For example, if you shared debts with your loved one, like mortgages or joint credit card accounts, you could be accountable for them, regardless of who made the charges. Likewise, if someone acted as a cosigner for a loan or credit card for the deceased, they’ll be liable for that debt.

If the deceased had a home equity loan on an inherited house, the heir would have to repay it. Timeshares and their maintenance fees will also fall on heirs if their names are on the deed.

Family members who authorized medical treatment may have to pay any uncovered medical bills, depending on state laws and document terms.

Contact your loved one’s creditors to:

—Close accounts

—Manage tax paperwork

—Settle outstanding balances

In certain situations, accounts may be closed automatically when a person passes away. However, some accounts may still require settlement, either partially or fully, even after the account holder’s death.

The bottom line

A credit freeze for a deceased loved one is a crucial step to safeguard their financial legacy. By taking the right steps and organizing important documents, you can safeguard their private information and handle financial matters with minimal stress.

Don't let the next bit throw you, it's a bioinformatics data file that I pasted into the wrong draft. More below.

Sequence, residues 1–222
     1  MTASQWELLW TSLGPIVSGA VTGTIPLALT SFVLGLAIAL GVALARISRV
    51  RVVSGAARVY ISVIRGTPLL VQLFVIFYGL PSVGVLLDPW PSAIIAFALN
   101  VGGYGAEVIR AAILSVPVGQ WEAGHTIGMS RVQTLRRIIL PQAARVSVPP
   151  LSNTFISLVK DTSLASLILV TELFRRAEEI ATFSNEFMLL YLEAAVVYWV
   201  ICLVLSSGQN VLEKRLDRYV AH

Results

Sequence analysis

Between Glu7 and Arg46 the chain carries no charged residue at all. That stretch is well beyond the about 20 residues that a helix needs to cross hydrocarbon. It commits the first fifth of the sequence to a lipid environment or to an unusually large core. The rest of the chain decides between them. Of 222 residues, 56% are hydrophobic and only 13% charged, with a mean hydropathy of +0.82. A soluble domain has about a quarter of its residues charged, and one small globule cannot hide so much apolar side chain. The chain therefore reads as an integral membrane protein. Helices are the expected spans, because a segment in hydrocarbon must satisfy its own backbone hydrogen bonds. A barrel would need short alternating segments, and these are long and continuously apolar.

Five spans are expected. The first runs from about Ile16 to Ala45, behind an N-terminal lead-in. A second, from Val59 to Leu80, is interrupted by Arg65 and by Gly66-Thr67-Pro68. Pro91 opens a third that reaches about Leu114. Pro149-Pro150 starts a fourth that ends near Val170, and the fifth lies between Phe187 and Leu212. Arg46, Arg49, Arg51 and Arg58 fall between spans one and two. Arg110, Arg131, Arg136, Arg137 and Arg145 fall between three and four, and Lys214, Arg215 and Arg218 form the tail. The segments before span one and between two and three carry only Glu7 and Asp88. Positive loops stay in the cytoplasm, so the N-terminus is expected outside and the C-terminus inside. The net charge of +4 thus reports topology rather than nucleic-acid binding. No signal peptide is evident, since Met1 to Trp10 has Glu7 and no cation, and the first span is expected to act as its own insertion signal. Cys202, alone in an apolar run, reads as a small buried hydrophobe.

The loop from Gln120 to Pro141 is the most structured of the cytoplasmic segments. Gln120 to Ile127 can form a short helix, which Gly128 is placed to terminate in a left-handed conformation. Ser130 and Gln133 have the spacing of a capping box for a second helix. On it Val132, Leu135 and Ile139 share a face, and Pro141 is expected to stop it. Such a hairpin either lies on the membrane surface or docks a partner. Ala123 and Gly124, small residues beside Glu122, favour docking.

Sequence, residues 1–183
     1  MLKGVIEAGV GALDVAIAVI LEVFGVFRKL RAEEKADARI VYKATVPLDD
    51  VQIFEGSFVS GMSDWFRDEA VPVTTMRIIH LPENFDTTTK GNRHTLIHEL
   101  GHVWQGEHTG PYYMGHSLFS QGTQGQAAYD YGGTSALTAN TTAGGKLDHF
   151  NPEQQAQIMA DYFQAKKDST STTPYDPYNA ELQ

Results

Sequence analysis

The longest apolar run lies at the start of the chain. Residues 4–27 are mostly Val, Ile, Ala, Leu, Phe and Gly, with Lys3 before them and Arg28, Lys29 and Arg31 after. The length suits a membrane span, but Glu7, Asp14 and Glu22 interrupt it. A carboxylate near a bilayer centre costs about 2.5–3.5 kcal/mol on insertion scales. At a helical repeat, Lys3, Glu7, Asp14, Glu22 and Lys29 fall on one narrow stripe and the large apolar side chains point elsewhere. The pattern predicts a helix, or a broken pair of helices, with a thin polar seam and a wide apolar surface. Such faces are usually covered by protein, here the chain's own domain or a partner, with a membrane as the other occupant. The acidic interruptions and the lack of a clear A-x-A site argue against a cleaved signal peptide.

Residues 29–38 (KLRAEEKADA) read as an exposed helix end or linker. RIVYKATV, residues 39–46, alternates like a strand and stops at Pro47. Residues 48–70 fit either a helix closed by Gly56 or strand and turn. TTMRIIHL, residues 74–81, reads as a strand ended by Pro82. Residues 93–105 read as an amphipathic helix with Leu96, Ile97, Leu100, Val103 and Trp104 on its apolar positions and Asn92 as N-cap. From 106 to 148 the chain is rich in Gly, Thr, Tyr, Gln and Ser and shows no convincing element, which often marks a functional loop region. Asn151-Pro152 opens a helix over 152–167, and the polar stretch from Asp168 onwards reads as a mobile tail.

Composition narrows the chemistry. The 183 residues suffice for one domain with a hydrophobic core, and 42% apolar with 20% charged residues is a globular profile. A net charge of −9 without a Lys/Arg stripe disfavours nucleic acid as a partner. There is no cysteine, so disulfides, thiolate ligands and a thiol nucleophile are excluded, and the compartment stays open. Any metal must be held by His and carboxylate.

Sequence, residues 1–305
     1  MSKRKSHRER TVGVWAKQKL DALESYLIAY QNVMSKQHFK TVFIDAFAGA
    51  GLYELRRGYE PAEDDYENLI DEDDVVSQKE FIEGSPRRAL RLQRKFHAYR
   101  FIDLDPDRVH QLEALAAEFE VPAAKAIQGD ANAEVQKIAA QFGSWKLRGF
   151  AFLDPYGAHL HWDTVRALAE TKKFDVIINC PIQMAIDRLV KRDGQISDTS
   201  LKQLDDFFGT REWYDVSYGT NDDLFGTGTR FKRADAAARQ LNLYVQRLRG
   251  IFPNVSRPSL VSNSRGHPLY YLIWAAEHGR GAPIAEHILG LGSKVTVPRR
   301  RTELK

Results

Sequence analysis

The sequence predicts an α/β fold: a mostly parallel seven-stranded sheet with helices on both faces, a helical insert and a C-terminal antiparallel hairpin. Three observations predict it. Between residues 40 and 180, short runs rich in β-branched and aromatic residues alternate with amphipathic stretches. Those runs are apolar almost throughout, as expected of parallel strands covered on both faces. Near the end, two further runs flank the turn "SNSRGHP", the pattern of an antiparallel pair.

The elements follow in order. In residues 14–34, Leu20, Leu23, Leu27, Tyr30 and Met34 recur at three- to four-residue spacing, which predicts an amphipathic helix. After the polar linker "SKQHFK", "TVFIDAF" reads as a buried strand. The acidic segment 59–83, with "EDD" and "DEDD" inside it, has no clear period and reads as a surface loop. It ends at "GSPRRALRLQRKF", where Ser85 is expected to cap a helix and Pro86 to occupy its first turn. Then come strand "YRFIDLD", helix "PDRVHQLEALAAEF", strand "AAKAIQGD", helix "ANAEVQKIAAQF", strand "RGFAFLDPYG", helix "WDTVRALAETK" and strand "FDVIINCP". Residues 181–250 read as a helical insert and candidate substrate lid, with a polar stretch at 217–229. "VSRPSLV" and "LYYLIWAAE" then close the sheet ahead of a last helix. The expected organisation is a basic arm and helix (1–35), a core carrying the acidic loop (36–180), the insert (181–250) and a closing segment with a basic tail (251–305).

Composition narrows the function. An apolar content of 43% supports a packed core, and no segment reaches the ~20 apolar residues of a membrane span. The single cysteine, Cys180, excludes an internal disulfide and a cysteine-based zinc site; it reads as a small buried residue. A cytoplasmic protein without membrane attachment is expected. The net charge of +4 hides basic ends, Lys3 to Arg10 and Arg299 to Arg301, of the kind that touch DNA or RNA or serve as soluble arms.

Take each step with care — and seek professional assistance if needed — to honor your loved one’s financial well-being even after they’re gone.

Frequently asked questions

—How do you close your dead relative’s accounts?

Make multiple copies of the death certificate and notify each of your relatives with this proof. Request account closure and settle any past-due balances when necessary. Monitor your relative’s credit reports for fraud while you’re waiting for a credit freeze to take effect with the bureaus.

—Do you need to notify the IRS when someone dies?

Yes. When someone dies, you or the appointed representative need to file the deceased person’s final tax return. On this return, you must indicate the person’s death. At present, the IRS doesn’t require any other notification of the death, but you should always look to for up-to-date tax information.

—Can a credit freeze be lifted temporarily, such as for estate-related transactions?

A credit freeze can be temporarily lifted upon request. However, lifting a freeze can expose the account holder’s credit information to fraud risk.

(Visit Bankrate online at

©2024 Distributed by Tribune Content Agency, LLC.